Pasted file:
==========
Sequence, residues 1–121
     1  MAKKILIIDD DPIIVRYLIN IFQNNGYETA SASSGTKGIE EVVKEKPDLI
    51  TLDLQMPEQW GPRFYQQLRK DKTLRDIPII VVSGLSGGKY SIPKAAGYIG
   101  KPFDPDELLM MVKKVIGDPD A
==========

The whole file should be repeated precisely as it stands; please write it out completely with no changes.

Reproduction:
Sequence, residues 1–121
     1  MAKKILIIDD DPIIVRYLIN IFQNNGYETA SASSGTKGIE EVVKEKPDLI
    51  TLDLQMPEQW GPRFYQQLRK DKTLRDIPII VVSGLSGGKY SIPKAAGYIG
   101  KPFDPDELLM MVKKVIGDPD A